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AMPK synergizes with the combined treatment of 1′-acetoxychavicol acetate and sodium butyrate to upregulate phase II detoxifying enzyme activities

Authors

  • Keisuke Yaku,

    1. Department of Food and Human Health Sciences, Graduate School of Human Life Science, Osaka City University, Osaka, Japan
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  • Isao Matsui-Yuasa,

    1. Department of Food and Human Health Sciences, Graduate School of Human Life Science, Osaka City University, Osaka, Japan
    2. Faculty of Education, Wakayama University, Wakayama, Japan
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  • Yotaro Konishi,

    1. Department of Food and Human Health Sciences, Graduate School of Human Life Science, Osaka City University, Osaka, Japan
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  • Akiko Kojima-Yuasa

    Corresponding author
    • Department of Food and Human Health Sciences, Graduate School of Human Life Science, Osaka City University, Osaka, Japan
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Correspondence: Dr. Akiko Kojima-Yuasa, Department of Food and Human Health Sciences, Graduate School of Human Life Science, Osaka City University, 3-3-138 Sugimoto, Sumiyoshi-ku, Osaka 558-8585, Japan

E-mail: kojima@life.osaka-cu.ac.jp

Fax: +81-6-6605-2810

Abstract

Scope

Phase II enzymes play important roles in detoxifying xenobiotics. We previously reported that both 1’-acetoxychavicol acetate (ACA) and sodium butyrate individually increased phase II enzyme activities. Here, we determined the combined action of ACA and sodium butyrate on phase II enzyme activities in intestinal epithelial cells (IEC 6).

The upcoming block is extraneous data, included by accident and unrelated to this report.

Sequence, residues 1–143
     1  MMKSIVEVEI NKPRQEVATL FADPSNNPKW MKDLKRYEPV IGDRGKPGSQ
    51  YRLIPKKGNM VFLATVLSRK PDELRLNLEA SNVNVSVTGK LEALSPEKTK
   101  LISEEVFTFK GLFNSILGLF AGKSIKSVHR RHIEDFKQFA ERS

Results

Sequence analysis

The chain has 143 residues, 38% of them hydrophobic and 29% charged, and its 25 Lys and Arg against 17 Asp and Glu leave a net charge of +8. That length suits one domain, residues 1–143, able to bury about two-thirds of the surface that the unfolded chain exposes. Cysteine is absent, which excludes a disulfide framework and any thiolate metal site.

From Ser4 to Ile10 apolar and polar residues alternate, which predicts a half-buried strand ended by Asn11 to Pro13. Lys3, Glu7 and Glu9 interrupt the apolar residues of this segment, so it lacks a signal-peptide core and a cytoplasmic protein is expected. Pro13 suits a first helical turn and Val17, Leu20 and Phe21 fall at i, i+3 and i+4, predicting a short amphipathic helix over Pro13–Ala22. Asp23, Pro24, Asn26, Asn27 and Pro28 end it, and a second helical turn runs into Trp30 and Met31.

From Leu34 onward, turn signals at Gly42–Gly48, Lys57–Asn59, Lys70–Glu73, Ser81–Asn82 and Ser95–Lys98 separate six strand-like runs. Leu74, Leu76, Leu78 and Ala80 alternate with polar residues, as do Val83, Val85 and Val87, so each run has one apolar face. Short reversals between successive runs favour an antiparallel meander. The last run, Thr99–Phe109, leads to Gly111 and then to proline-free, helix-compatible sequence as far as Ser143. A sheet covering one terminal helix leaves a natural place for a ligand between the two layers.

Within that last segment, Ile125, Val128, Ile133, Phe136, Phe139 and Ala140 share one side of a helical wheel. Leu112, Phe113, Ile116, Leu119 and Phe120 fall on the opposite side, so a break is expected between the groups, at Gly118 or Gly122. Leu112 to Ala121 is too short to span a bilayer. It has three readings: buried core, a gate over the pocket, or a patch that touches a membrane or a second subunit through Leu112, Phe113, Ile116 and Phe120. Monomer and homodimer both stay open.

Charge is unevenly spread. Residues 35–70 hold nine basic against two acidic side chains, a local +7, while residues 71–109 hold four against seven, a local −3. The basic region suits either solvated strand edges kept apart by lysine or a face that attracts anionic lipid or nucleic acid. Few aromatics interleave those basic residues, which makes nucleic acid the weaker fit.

Methods and results

ACA and sodium butyrate synergistically increased phase II enzyme activities. Protein levels of intranuclear transcription factor NF-E2–related factor 2 (Nrf2) were increased by ACA or sodium butyrate treatment, but treatment with both did not produce a synergistic effect. Intranuclear p53 protein levels were increased by ACA but decreased by sodium butyrate alone or combined treatment with ACA and sodium butyrate. In contrast, p53 acetylation was promoted by sodium butyrate and the ACA and sodium butyrate combination. Inhibition of AMPK activity decreased phase II enzyme activities that were upregulated by treatment with ACA plus sodium butyrate or other phytochemicals, including kaempferol, quercetin, and epigallocatechin-3-gallate. Combined treatment with ACA and sodium butyrate increased phosphorylated AMPK levels.

Conclusion

These results suggest that ACA and sodium butyrate synergistically contribute to xenobiotics metabolism. The combined ACA and sodium butyrate treatment synergistically upregulated phase II enzyme activities through AMPK activation and p53 acetylation.

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